International entrepreneurial firms (IEFs) have been an emerging phenomenon since the beginning of the 1990s. The opening of national boundaries and markets to foreign products, finance and labor has led many firms across a variety of geographic and product markets and industries to search for international expansion. Some of these firms seek foreign markets since inception. The upsurge of born-international firms, or born-globals as the phenomenon is often referred to has contributed to the increasing attention from the management scholars. This attention has further increased after the 1996 Special Issue on IEFs in the journal Entrepreneurship Theory and Practice. In fact, studying IEFs is important (McDougall, 1989; Oviatt & McDougall, 1994) even to better understand why and how some firms expand and compete internationally with large established firms (see also Mathews & Zander, 2007). For instance, the Australia's high-value-added manufacturing exporters have witnessed the rise of numerous small and medium-sized companies that successfully compete against large established multinationals in the global business arena (Rennie, 1993).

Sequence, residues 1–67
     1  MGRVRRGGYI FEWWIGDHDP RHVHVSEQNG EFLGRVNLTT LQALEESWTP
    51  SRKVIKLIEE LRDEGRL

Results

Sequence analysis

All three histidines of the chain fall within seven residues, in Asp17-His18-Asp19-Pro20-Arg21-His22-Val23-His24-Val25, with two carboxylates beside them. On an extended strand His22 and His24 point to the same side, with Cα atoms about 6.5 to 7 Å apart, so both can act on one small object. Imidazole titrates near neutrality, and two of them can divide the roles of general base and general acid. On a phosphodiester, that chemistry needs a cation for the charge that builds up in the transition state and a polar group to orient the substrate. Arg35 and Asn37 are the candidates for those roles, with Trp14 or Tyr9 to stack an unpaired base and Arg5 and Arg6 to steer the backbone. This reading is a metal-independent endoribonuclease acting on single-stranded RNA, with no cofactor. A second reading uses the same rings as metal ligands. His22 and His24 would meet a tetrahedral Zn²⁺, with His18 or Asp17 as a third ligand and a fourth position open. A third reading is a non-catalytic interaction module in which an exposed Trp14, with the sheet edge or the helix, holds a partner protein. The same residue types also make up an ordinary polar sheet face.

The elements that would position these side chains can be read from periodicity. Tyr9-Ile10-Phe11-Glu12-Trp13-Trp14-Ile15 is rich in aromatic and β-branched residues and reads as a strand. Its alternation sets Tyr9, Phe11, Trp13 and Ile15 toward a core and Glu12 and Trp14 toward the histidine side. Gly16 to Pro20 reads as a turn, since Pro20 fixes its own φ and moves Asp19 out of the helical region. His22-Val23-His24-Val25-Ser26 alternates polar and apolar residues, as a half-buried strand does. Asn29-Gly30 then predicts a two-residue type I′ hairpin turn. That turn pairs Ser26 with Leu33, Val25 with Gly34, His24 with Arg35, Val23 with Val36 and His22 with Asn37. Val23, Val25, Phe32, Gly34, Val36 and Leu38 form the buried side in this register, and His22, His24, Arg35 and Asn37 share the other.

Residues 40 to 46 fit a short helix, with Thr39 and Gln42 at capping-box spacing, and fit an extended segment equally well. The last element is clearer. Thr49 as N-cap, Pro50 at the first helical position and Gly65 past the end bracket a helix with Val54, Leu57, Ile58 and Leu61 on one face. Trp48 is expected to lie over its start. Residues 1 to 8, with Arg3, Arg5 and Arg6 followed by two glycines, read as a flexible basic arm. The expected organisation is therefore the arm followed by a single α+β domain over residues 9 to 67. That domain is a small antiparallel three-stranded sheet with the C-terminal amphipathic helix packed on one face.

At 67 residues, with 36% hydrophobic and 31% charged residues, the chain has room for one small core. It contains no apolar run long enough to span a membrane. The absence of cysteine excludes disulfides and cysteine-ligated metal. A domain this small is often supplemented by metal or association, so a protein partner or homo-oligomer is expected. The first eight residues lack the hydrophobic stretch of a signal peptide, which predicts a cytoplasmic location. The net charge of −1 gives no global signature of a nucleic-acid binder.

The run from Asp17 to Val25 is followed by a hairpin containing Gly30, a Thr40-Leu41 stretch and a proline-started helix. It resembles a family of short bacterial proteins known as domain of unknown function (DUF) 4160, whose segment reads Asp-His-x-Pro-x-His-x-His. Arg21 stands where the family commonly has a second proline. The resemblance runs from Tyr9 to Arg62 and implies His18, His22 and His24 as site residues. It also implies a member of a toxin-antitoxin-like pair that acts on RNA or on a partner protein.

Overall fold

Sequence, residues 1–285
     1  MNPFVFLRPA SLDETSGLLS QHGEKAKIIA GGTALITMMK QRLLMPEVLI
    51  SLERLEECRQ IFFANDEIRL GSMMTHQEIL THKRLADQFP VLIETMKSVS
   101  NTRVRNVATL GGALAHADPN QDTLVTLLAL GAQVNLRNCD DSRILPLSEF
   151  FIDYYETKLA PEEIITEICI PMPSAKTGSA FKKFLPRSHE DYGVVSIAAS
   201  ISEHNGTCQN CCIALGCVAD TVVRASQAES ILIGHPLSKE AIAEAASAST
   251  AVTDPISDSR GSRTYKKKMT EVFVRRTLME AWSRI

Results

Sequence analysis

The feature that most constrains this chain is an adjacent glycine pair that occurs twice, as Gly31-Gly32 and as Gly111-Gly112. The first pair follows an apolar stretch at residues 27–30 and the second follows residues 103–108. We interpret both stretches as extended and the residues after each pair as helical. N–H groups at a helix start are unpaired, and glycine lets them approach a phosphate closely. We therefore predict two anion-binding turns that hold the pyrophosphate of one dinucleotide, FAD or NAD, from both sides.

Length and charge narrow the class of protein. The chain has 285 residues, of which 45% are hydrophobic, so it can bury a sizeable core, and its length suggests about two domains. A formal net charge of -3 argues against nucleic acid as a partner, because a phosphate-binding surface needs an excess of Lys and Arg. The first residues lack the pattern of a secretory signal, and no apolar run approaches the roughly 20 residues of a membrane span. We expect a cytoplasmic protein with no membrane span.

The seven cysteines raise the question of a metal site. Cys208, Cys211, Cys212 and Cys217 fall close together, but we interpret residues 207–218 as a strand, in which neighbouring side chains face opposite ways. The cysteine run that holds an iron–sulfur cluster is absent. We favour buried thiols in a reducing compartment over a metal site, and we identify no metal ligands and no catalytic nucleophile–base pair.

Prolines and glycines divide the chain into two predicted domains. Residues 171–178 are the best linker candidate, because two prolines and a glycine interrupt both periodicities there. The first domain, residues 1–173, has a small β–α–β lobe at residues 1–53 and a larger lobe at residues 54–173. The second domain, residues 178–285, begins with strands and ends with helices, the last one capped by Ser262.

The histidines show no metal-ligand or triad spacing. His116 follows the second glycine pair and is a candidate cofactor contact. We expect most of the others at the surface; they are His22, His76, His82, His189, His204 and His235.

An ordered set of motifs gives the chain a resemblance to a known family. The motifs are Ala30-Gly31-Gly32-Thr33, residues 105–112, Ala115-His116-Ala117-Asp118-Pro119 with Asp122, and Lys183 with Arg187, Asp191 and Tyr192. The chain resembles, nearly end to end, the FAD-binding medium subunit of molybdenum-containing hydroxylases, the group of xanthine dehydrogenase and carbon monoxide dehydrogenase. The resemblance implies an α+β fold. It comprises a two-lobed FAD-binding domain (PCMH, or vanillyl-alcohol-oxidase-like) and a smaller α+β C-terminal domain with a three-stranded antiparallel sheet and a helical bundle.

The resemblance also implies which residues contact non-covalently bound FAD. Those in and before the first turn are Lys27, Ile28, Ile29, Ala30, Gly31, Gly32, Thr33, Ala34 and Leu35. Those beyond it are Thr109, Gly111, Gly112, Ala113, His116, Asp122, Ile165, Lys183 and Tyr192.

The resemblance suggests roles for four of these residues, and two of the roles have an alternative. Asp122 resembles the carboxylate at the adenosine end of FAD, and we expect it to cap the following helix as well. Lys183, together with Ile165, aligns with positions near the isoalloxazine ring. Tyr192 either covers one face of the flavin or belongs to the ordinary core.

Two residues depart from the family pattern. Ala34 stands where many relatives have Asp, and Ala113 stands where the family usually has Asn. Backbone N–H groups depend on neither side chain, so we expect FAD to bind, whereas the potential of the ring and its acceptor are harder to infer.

As scholars have sought to tap into the phenomenon by examining the internationalization of IEFs, inconsistent findings have been reported in prior research. The foreign direct investment (FDI) theories and the evolutionary models of internationalization that were constructed on the basis of the internationalization of large multinational corporations (e.g., Dunning, 1981), have not provided coherent explanations regarding the internationalization activities and progress of IEFs (Coviello & McAuley, 1999). For instance, while some studies indicate that IEFs follow an incremental internationalization (Dalli, 1994; Chetty & Hamilton, 1996) much like the large multinational corporations, other studies suggest that IEF are capable of leapfrogging stages in their internationalization (Bell, 1995; Gankema, Snuit & Van Dijken, 1997). Moreover, other studies indicate that the internationalization process of the born-globals is remarkably different from that of large corporations (Carrier, 1994; Oviatt & McDougall, 1994).